“There’s always myriad alternatives. There’s never just one plan,” Epstein said on Friday at “Champions For Charity,” a fund-raising lunch organized by his Foundation To Be Named Later and the Red Sox Foundation. “In an alternate universe, we could have signed Beltre, moved Youkilis to first. We came really close to trading for [outfielder] Carlos Beltran instead of signing [Carl] Crawford. That would have been great, but that kind of got banged on the medicals.

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“There’s always a ton of scenarios. But we thought [Gonzalez’s] swing was uniquely suited for Fenway, and we thought he’d be a pretty good offensive force. And ironically, when you look back at 2011, it was a pretty incredible year. All anyone remembers, obviously, is the other side of the coin, but he did perform here. And even now, at the end of the contract, he’s still a productive player.”

The logic of acquiring Gonzalez – who then looked like one of the best hitters in the game – was obvious at the time, and remained so for most of 2011. Moreover, even the way that Gonzalez’s career unfolded with the Red Sox played a significant role in laying the groundwork for the team’s 2013 championship, since he was the key to a deal that allowed the Sox to unload not only his contract but also those of Crawford and Josh Beckett in 2012, freeing extraordinary resources that allowed the Sox to acquire the free agents who proved pivotal in a 2013 title.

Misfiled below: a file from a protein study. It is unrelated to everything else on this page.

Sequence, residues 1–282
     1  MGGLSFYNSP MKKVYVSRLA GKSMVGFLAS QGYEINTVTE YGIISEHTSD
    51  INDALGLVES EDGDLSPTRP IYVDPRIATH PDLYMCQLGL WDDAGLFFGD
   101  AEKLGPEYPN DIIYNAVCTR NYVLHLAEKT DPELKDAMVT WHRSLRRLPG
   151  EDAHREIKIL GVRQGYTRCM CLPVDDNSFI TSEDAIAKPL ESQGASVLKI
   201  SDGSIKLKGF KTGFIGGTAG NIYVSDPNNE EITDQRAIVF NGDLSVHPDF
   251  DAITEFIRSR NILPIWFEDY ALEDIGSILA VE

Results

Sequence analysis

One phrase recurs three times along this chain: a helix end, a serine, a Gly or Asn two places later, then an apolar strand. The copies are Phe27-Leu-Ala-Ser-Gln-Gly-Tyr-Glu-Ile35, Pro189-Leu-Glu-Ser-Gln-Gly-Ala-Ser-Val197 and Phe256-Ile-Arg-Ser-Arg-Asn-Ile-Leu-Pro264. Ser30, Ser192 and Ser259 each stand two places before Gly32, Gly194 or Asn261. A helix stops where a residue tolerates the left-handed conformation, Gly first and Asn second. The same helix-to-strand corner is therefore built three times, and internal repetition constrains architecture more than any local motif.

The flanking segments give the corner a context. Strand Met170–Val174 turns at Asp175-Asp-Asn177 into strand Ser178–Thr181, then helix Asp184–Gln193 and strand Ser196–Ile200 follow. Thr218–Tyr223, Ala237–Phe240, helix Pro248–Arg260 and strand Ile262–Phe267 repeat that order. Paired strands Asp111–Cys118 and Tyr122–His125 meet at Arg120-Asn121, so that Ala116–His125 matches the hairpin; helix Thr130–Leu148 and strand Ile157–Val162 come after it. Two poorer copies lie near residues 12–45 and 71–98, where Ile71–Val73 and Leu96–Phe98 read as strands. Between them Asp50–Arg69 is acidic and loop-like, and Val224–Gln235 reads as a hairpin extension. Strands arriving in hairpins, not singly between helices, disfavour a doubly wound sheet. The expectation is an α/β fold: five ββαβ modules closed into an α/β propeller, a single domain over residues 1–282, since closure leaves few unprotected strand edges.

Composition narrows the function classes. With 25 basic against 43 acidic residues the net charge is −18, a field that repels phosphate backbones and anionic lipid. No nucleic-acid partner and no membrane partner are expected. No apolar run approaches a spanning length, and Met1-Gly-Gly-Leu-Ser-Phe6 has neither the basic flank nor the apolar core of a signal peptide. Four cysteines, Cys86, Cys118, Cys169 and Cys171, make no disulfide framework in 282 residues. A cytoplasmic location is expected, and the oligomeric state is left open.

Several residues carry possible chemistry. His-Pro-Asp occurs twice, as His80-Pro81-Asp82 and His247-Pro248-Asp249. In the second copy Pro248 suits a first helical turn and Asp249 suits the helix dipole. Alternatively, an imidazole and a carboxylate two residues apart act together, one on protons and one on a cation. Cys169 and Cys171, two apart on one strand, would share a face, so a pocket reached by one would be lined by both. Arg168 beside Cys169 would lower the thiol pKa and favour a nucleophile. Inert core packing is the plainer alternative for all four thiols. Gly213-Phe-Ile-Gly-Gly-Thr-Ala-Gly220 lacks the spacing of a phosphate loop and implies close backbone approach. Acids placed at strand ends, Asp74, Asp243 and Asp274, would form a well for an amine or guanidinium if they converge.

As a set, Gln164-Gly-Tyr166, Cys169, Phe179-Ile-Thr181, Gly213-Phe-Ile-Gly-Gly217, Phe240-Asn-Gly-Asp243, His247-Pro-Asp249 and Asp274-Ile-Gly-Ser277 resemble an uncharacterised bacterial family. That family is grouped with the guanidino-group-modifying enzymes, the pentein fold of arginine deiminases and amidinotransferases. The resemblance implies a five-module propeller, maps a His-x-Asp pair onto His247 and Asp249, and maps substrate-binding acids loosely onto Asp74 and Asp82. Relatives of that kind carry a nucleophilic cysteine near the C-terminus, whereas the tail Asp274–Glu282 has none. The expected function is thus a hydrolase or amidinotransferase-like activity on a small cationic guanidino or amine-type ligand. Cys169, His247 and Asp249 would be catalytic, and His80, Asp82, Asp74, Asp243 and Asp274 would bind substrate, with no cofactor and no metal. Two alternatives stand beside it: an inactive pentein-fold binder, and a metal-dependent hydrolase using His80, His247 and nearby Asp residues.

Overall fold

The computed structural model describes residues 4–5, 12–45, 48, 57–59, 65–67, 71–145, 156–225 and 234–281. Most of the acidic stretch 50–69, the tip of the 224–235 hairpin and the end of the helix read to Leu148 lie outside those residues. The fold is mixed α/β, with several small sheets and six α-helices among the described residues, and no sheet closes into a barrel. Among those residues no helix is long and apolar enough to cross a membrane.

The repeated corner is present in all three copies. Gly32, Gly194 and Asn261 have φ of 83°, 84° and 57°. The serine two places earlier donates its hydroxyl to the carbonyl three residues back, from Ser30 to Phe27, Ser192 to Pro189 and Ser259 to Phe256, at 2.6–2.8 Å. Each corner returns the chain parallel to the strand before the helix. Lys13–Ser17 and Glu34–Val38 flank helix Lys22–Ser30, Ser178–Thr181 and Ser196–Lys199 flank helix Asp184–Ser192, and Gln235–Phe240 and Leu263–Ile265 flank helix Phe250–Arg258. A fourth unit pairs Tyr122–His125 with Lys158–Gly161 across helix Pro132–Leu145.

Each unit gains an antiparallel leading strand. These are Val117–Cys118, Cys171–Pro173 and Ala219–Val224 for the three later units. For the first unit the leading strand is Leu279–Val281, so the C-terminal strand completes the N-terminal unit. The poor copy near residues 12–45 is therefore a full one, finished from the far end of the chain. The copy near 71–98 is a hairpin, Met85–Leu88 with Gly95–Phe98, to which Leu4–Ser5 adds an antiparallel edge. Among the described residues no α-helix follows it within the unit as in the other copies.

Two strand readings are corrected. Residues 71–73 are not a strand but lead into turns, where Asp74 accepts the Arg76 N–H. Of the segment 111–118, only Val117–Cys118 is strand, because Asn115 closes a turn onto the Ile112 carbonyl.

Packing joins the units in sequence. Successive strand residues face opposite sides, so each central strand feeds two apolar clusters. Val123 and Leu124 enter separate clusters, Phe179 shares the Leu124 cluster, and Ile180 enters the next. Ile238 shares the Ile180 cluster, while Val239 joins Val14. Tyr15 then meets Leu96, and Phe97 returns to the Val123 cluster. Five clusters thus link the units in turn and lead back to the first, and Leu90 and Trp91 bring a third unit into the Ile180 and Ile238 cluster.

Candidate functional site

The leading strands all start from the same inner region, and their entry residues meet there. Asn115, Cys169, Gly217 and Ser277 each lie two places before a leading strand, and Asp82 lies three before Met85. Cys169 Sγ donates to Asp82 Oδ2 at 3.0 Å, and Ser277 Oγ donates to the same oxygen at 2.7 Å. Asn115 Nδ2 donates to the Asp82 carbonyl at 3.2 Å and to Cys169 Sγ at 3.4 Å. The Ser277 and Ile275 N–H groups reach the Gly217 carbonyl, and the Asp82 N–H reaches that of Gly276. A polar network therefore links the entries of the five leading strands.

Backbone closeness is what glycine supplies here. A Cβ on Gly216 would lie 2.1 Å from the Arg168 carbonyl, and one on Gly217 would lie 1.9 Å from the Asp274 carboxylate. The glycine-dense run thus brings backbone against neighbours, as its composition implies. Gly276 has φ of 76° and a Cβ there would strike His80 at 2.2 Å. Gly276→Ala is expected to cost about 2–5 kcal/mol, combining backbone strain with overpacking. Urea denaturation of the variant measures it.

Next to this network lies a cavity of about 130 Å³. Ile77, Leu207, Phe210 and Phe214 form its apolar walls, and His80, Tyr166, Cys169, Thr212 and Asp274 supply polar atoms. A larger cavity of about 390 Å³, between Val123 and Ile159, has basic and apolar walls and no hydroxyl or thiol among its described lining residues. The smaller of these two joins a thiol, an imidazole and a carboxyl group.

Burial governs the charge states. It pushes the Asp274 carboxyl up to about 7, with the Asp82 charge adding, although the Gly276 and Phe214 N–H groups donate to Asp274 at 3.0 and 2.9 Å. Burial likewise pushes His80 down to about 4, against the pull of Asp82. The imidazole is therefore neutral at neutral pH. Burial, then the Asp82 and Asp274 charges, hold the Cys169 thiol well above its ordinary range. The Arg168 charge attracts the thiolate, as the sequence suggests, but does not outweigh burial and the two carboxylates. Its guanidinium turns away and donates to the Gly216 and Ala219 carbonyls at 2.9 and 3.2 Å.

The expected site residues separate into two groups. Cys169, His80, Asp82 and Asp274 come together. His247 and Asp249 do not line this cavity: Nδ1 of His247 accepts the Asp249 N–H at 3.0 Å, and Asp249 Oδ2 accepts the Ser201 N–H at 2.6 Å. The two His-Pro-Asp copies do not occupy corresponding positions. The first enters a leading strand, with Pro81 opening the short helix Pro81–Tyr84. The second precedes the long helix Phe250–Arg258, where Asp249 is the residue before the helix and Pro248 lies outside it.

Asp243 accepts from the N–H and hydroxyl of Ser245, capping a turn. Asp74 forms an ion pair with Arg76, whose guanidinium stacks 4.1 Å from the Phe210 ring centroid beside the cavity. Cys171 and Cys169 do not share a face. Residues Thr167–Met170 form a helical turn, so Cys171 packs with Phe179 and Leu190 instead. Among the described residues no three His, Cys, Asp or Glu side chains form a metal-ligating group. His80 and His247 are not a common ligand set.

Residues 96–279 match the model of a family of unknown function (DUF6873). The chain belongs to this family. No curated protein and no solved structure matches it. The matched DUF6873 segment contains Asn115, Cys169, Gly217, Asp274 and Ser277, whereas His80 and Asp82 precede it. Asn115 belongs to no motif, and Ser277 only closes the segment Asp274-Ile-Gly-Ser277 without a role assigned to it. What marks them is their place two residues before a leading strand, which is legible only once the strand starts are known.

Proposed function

That said, as time went on and as Rizzo’s stock continued to rise, it became harder to ignore completely the alternate universe. The fact that Rizzo became one of the first players acquired by Epstein after he took over the Cubs – Chicago landed Rizzo from San Diego in a four-player deal – suggests that Epstein had spent plenty of time scrutinizing the logic of the deal for Gonzalez.

“I had angst about [trading Rizzo] as we were doing it. I told Rizz we were going to trade back for him at some point -- and we did,” said Epstein. “I just happened to be in a different organization.”

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For his part, Rizzo still thinks at times on his development in the Red Sox organization, for whom he played from 2007-10, and with whom he went through the life-changing process of recovering from cancer as an 18-year-old in 2008. A player who in many ways became the first cornerstone of the young Cubs core, however, spends little time playing the what-if game.

“The Red Sox drafted me and it was an historic franchise. Little did I know it would be such an amazing franchise as far as the way I was instructed and the way I was treated. I’m glad I got my start there,” said Rizzo. “From time to time, I do [think about the Red Sox]. I enjoyed my time there. That organization taught me a lot. But now I just watch them on TV, that’s really it.”

The Red Sox, on the other hand, can be permitted a brief rumination on what their team might have looked like with Rizzo – one of 11 players in the big leagues with at least 100 homers since 2014 – as their foundational middle-of-the-lineup masher, rather than a player for whom they must account over the next three days.


Peter Abraham of the Globe staff contributed to this report. Follow Alex Speier on Twitter at @alexspeier.